When Experiential Marketing and Technology Collide, Memorable Things Happen

While scrolling through your Instagram feed, you’re bound to come across a friend or family member's post about a music festival they attended or interesting art installation they’ve seen.  That’s because an interesting change is taking place, driven by younger generations:  78% of Millennials said they’d rather spend money on experiences instead of products.  This type of spending has increased by 70% since 1985 and is showing no signs of slowing down.  To cater to new spending habits, brands are using experiential marketing opportunities as a way to connect with customers in new ways.  When technology comes into play, it can make these activations even more relevant and memorable.

 

A Shift in Perceptions

So how did we get here?  Why has our approach to spending changed so much?  For Millennials and their Gen Z counterparts, economic instability has influenced attitudes towards money.  For Boomers quick to argue that Millennials are just whining, the 2008 recession did leave a lasting mark on the U.S. economy – add to this wage stagnation, and younger generations are just not as well-off as their parents.  From these circumstances, the gig economy was born and changed the way we perceive ownership.  It’s no longer as important to own a covetable car or handbag, and evidence suggests our spending is now influenced by something else entirely.  A recent study revealed that 69% of Millennials believe attending events helps them stay more connected with others, and this connectedness is why younger generations are devoting more money to these experiences.

 

Why We Share

Our desire for connection is not the only reason we attend events.  We are also influenced by social media and a “fear of missing out”.  One study shows that 68% of respondents use social media to share what they care about, and around the same percentage has reported experiencing FOMO before.  Social media both connects us with others who share similar interests and drives our desire to get in on the fun experiences that our friends and family are having.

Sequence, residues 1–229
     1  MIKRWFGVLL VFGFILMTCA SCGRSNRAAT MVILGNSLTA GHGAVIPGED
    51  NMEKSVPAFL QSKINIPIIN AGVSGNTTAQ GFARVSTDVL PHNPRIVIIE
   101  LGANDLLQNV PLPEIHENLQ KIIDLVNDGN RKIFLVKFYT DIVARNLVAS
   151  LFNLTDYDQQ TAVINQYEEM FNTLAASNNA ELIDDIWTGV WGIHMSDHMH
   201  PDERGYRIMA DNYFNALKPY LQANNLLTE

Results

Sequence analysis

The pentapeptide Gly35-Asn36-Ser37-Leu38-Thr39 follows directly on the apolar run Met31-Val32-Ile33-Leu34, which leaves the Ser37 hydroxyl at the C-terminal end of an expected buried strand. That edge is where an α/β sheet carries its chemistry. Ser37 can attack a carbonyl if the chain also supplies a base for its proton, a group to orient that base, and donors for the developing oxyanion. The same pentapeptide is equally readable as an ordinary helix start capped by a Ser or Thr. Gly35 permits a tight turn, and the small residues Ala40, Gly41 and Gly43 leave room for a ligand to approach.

Knowing this, it’s important for brands to provide experiences that people find shareable in order to tap into our need to broadcast. It’s not enough to throw up a DJ booth and some flashing lights and hope that people will want to attend.  Rather, what makes the experience worth discussing? 

Brands like Refinery29 understand that success hinges in part on our desire to share our experiences with others.  Their 29Rooms activation used partnerships with brands like Ulta and designers like Jill Solloway to create interactive installations that encouraged visitors to make and touch things in each room, as well as take plenty of photos for Instagram.  This free digital promotion from past years works – 18,000 tickets for the 2017 New York City event sold out before the partners were even announced.

 

How Tech Enhances the Experience

Technology allows marketers to get even more creative with how they approach experiential opportunities.  Thanks to increased accessibility to AR/VR tech, marketers can create something users interact with right on their phones.  City Social, a bar in London, created an AR cocktail menu to highlight the inspiration behind some of their signature drinks.  And who can forget Pokémon Go, which had the nation wandering around their neighborhoods in the summer of 2016 in the quest to “catch ‘em all”? 

But an interesting experience doesn’t require augmented reality to be a hit.  Brands can still create something interesting using other types of technology.  Spotify, for example, took over the New York City subway system in a massive tribute to David Bowie.  Installations about the singer’s connection to the city were found throughout, accompanied by links to Bowie’s music in the Spotify app. 

Google took another interactive approach to tech when they got residents of the Bay Area involved in deciding what charities would receive donations from the company.  Google hung interactive paper posters in public spaces where locals could learn more about the nonprofits and vote for their favorites.

 

The key takeaway from these activations, then, is not so much the type of technology you use – it can be flashy like AR or as simple as an app link – but more so how that technology provides the opportunity for people to connect with each other.  Who wouldn’t giggle with a friend over a virtual dancing skeleton when at a cocktail bar or chat with a fellow fan about a particular David Bowie song?  Technology, when applied creatively, can be the means to creating a lasting memory for your customers and a way to help them share it with others.